You wrote:

“My method here is to raise issues I’m not sure about that are not settled in the paper.”

I suggest you read the paper first, and then raise the issues. Speculating about something you have not read will only confuse the matter, and waste time.

“As you have noted we have a putative mechanism for liquid-phase water loss without salt loss. Whether it could be significant later on – we do not yet know.”

Fleischmann and I do know. You don’t, because you have not read the paper. So, you have no basis for an opinion, and your saying this here contributes nothing to the discussion.

Jed Rothwell In reply to Abd ulRahman Lomax.You wrote:

“Shanahan’s CCS and ATER certainly do exist.”

Where is the experimental evidence showing they exist?

Jed Rothwell In reply to THH.You wrote:

“Re: X does not exist, because of calibration. We have not yet looked at calibration: so though you may be correct that is for the future.”

What is the point of saying this?

I have looked. Martin Fleischmann looked, and described the reasons why calibrations rule this out. Since you have not looked, you have no basis to contradict Fleischmann or me, or to doubt what we say. I am expressing my opinion. You are saying “you might be wrong.” Yes, anyone might be wrong about anything. Pointing this out contributes nothing to the discussion.

This is like saying, “there may be an undiscovered error in this experiment.” That is true, but it applies to every experiment since Newton. It cannot be tested or falsified, so it is not scientific, and it contributes nothing to the discussion.

THH In reply to Jed Rothwell.Re: X does not exist, because of calibration. We have not yet looked at calibration: so though you may be correct that is for the future.

Re: CCS does not exist for your stated reason here, again we have not yet looked at the part of the paper that describes this: so though you may be right it is for the future.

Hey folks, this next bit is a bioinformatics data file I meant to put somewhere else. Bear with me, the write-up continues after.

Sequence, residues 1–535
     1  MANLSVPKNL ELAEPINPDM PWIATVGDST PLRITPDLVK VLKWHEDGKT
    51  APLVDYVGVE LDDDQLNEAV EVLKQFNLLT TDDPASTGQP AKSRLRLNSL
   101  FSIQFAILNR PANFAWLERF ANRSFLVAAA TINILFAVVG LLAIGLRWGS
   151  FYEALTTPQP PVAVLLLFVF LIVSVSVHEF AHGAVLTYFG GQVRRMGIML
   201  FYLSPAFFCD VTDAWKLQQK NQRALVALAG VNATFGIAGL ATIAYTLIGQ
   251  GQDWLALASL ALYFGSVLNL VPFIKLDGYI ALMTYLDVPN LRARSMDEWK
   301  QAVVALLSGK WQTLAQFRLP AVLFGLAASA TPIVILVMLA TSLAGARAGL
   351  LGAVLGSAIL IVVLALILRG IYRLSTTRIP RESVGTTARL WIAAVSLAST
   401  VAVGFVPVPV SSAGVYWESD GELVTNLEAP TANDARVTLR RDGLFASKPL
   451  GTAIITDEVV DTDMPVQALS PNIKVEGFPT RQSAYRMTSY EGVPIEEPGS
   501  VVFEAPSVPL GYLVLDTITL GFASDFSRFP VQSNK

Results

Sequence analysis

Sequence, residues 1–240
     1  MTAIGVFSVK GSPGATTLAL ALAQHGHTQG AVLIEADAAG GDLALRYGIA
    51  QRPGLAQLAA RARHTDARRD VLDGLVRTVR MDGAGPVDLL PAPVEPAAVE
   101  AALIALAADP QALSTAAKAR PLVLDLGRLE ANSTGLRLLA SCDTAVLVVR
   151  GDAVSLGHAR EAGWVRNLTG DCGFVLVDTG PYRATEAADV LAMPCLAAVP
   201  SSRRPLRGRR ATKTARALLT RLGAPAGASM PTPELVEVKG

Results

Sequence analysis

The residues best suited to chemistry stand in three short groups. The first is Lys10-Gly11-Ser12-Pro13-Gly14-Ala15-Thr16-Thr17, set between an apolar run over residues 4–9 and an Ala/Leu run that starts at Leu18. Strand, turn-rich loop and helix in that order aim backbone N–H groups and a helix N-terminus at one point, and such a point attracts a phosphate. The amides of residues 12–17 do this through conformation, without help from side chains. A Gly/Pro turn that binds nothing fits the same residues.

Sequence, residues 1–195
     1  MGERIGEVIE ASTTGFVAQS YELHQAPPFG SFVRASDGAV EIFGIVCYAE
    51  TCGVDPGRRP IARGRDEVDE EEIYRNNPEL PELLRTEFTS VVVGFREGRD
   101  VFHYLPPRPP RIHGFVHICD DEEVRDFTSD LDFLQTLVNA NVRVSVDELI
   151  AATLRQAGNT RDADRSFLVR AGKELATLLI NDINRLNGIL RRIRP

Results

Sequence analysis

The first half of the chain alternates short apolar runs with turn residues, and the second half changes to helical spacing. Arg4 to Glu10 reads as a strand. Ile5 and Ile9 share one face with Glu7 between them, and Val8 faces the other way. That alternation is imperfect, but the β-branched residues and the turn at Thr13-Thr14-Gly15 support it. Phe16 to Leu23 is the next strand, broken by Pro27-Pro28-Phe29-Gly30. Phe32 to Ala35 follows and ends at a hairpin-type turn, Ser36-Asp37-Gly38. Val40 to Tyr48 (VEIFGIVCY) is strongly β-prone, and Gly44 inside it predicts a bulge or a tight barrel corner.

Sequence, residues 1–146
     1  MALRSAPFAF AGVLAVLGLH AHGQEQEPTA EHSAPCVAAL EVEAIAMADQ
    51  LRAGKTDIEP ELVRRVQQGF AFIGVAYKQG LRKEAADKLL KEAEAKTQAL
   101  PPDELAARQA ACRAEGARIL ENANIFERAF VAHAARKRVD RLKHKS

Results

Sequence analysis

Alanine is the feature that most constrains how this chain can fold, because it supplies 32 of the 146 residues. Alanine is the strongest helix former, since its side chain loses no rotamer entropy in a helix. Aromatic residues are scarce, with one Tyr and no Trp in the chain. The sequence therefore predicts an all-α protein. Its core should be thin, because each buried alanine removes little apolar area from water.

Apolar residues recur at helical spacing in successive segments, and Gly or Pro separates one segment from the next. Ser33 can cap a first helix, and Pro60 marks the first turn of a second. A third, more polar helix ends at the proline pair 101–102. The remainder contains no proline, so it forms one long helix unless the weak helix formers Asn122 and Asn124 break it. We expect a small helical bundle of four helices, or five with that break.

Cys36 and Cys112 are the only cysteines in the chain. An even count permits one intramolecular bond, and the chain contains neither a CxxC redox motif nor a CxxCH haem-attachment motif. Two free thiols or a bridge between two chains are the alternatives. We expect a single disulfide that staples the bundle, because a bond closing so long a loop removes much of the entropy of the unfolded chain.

Re these general features: yes overall I agree with them, with the caveats mentioned.

Abd ulRahman Lomax In reply to Jed Rothwell.I don’t want these detail subpages to become debates. The goal is to understand the paper, so, in the first phase, we will be summarizing it and explaining what it says — and sometimes, what it does not say. THH has raised an ordinary concern, though he has not been quantitative about it (which could be difficult). I am sure that we will be looking at all possible error sources for the calorimetry, including those addressed by F&P and those not. These matters raised by THH belong on the list.

If a problem is “invented,” and there is literature on it, it’s been considered before and isn’t spurious. Basically, a problem can easily exist as some imagined possibility but, in practice, have negligible effects. When we have a list, we can go down the list and research each item.

You have not signed up for the Review Committee. I’m considering moving comments from non-members to a special place. You are highly knowledgeable; my preference would be that you sign up, by commenting as a member on Review Committee. That will give you a vote in polls and your participation will be very, very welcome, I’m sure. But accusing THH of having a “bad habit” — in these study pages, this is not the blog — is inappropriate, member or not. “Making up problems” is a welcome task here. Attempting to prove this or that, at this point, is not.